The Caribbean Carnival is known for its bejeweled costumes and toe-tapping beats. Photograph courtesy of DC Caribbean Carnival
Thursday, June 23
MUSIC: African pop star Youssou N’Dour is bringing Senegalese sounds to the George Washington Lisner Auditorium. The 30-year veteran is known for fusing his country’s traditional melodies with modern rock and pop. Plus, he’s worked with Peter Gabriel, Wyclef Jean, and Sting. Tickets ($30 to $65) can be purchased at the event Web site. 8 PM.
THEATER: The world of physics gets a poetic makeover in Einstein’s Dreams, the musical adaptation of the best-selling novel by Alan Lightman. The story follows a 26-year-old Einstein as he develops his theory of relativity. Tickets ($10 to $20) can be purchased at the event Web site. 8 PM.
Drop by the FreshFarm Market by the White House this Thursday night for an assortment of fruits and veggies, flowers, freshly baked bread, and more. Photograph by Dayne Smith
Thursday, June 16
FARMERS MARKET: Inspired by First Lady Michelle Obama’s flair for organic gardening, the FreshFarm Market by the White House is the perfect place to shop for pasture-raised meats, artisan cheeses, baked goods, and, of course, farm-fresh produce. Don’t forget your canvas bags! Open 3 to 7 PM.
MOVIE: Run—or tackle—your way to tonight’s outdoor summer flick. Capital Riverfront will be screening The Blind Side as part of its Best of the Oscars Outdoor Movie series. Film begins at 8:45 PM at Tingey Plaza. Free.
MUSIC: The Virginia-based indie duo Birdlips will be performing at the Velvet Lounge tonight. Doors open at 8 PM, Show starts at 9. $8.
This picture may be from last Fall's High Heel Drag Race, but we bet you'll see a few similar outfits at Friday's "Somewhere..." party. Photograph by Chris Leaman
Thursday, June 9
PARTY: Break from the hustle and bustle of city life with the Textile Museum’s Urban Picnic, a night of lawn games, beach blanket bingo, live music, and gallery viewings at the museum’s gardens. Tickets ($10) can be purchased at the event Web site. 6 to 9 PM.
STAR GAZING: Swing by the National Air and Space Museum for an evening of star gazing and celestial wonderment. For one night only, the museum will open its powerful telescope to the public. Free. 9 to 10 PM.
MOVIE: You don’t have to live in the Hollywood hills to attend an Oscar premiere. Capital Riverfront will be screening Dirty Dancing as part of its Best of the Oscars Outdoor Movie series. Red carpet not included. Film begins at 8:45 PM at Tingey Plaza. Free.
Woolly Mammoth Theatre Company is staging the first performance of Sarah Ruhl’s latest work, In the Next Room, or the Vibrator Play, which is about bodily exploration and repressed sexuality. Because it’s opening night, you pay as much (or as little) as you’d like. Lines begin forming around 5 for the 8 PM show, and bring cash—credit cards aren’t accepted. Click here for more information.
Tuesday, August 24
Ah, good ol’ Arlington Cinema ’N’ Drafthouse—you can always count on the Northern Virginia institution to screen films that are decidedly not worth full price but are still a cut above last place on the Netflix queue. Tonight catch the ridiculousness that is Russel Brand for a mere two bucks in Get Him to the Greek, the 2010 spinoff of Brand’s rockstar character Aldous Snow in Forgetting Sarah Marshall. 7:30; doors open at 6:30.
Thursday, August 5
Feeling like a champ? Head to Canal Park for a screening of Rocky, part of the Capitol Riverfront’s Outdoor Underdog film festival. The film begins at 8:45, but arrive early for a round of Wii on the big screen, trivia, and other games. Free.
Tryst in Adams Morgan is holding an opening reception tonight for Non-Representational Photography, the first DC exhibit by artist Alex Pergament. Images feature techniques that obscure a scene using soft focus, under-exposure, and camera movement. As you walk through the exhibit, take in jazz and funk music by the Rast, Ostle, and Blackwood Trio, and enjoy a sampling of hors d’oeuvres. Free. 7 to 9.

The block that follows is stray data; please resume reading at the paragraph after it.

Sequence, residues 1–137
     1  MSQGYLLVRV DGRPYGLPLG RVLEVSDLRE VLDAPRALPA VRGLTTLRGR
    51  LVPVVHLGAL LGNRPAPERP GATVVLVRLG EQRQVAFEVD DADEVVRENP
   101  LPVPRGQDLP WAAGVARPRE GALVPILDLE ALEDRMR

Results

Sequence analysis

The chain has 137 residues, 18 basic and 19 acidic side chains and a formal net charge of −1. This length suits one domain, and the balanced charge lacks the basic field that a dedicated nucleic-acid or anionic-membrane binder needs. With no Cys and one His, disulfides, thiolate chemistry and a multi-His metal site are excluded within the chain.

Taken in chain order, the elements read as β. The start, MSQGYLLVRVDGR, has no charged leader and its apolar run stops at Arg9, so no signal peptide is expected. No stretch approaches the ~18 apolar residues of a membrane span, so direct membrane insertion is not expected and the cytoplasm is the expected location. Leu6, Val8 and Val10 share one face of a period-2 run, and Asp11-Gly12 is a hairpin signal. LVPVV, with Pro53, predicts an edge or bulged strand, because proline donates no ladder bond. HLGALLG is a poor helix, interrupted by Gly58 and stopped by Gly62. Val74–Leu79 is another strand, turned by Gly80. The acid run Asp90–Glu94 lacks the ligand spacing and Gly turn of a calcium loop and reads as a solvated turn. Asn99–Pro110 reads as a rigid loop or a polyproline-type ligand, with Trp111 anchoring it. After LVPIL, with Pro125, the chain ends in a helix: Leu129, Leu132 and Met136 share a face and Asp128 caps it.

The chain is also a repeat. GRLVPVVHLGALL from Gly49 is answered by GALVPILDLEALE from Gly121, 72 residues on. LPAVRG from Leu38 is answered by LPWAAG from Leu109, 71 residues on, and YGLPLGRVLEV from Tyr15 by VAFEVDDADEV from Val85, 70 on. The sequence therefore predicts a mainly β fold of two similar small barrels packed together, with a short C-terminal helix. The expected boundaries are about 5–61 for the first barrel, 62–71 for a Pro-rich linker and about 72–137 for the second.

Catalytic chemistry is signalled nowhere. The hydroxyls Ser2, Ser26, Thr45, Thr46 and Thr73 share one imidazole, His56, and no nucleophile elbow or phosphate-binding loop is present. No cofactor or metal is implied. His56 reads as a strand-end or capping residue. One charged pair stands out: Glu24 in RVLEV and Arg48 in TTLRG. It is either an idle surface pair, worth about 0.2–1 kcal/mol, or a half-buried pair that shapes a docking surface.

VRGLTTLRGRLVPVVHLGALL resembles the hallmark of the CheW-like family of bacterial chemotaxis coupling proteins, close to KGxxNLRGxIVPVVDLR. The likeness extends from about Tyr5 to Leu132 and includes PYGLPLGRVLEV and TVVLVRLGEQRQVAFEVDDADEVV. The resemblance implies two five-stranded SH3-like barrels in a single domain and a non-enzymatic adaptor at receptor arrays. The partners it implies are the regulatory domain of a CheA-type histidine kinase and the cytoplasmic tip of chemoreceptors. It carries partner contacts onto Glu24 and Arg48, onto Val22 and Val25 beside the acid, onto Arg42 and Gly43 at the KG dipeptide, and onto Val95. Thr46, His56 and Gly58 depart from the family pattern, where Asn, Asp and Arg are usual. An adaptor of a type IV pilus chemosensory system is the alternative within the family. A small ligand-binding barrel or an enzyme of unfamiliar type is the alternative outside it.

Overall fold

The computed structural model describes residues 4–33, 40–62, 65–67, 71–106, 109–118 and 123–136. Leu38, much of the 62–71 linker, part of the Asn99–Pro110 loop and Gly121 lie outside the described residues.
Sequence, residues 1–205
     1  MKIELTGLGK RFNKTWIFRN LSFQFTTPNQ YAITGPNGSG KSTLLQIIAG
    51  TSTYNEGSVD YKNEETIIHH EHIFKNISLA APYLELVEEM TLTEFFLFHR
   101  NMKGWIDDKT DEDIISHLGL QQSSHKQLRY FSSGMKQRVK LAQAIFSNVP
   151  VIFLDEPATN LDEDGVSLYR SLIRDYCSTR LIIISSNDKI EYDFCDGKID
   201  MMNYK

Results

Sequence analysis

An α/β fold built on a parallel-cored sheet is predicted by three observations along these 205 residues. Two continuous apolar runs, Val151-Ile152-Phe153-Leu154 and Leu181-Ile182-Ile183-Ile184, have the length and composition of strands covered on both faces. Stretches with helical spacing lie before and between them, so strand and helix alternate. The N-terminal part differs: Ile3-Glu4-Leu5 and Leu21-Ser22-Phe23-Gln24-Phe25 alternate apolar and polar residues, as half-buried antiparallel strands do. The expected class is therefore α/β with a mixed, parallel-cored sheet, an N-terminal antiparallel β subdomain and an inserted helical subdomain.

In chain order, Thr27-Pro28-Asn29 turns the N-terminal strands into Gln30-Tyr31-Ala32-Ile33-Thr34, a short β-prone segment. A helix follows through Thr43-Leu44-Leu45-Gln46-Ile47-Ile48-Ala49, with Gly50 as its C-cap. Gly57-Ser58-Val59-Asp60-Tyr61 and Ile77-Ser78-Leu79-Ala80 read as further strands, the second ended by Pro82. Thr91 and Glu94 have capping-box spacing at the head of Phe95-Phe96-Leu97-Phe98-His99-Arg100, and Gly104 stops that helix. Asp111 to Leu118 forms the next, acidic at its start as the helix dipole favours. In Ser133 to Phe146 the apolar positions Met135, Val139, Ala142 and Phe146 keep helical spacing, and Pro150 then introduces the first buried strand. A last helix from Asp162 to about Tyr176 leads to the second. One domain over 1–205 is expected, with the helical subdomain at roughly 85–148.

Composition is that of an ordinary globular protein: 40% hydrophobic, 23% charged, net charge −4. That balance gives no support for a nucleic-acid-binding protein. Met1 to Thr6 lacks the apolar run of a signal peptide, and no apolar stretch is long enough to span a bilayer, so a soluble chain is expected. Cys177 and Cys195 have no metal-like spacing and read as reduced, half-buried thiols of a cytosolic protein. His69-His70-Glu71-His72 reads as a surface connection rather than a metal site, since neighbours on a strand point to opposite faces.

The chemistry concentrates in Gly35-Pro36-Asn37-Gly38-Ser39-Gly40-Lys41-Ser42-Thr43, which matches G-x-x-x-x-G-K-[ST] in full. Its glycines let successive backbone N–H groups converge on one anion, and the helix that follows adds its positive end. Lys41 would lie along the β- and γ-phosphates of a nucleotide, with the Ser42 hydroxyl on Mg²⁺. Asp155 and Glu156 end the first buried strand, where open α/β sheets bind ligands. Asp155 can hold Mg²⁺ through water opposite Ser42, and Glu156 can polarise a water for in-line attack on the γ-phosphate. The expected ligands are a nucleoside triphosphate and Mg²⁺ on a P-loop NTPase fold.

Saxophonist Richard Elliot and trumpeter Rick Braun share the stage tonight at the Birchmere for a smooth-jazz set. The two have produced 33 albums between them. Tickets ($39.50) are available here. 7:30.
Get your Broadway fix at a performance of The Mikado at the Capitol Hill Arts Workshop. The show, presented by the GLBT Arts Consortium, opens tonight and runs through August 7. Call 202-547-6839 or e-mail email@example.com for tickets ($20). 7 PM.
Artini is a monthlong competition among 12 of the area’s top mixologists to create the most artistic martini. This year, the source of inspiration for the cocktails is the Corcoran’s current exhibit “A Love of Europe: Highlights From the William A. Clark Collection.” Every Tuesday through Thursday through March 31, one competing cocktail will be featured for tasting at different venues from 6:30 to 8:30. Here at After Hours, we’ll showcase some of the cocktails. For more information about Artini, the featured nights, or to vote for your favorite bartender, go to washingtonian.com/artini.
“There’s nothing better than a drink that sneaks up on you,” says Tiffany Short of her cocktail, Forbidden Kiss. The drink is based on French sculpture Auguste Rodin’s rendering of Eve, and is quite deceptive—going down as smoothly as apple juice but packing as much alcohol as a martini. The cocktail’s layers of taste are meant to emulate the nature of Rodin’s “Eve,” which Short characterizes as being “innocent and a little mischievous at the same time.”
The Forbidden Kiss, as its name suggests, derives its name from the forbidden fruit, apples, which Short integrated into the drink in the form of a shrub—a drink concentrate made with fruit, vinegars, and sugar. Also in the drink: gin, an egg white, and a touch of Champagne to, says Short, add that note of naughtiness. Watch a demonstration of how to make the cocktail in the video above, and remember—the Forbidden Kiss ($12) will be served Tuesday from 6:30 to 8:30 at the Gibson as part of Artini’s weekly feature nights.
For more of our past coverage on Michaele Salahi, click here.
Michaele Salahi, former model and chair of the spring strutting ritual (and polo match) America’s Polo Cup, explains how to pose and what to wear to this season’s outdoor sporting events in Virginia.
Photo taken at the recent Leukemia & Lymphoma Society annual ball. (See more photos from the night here.)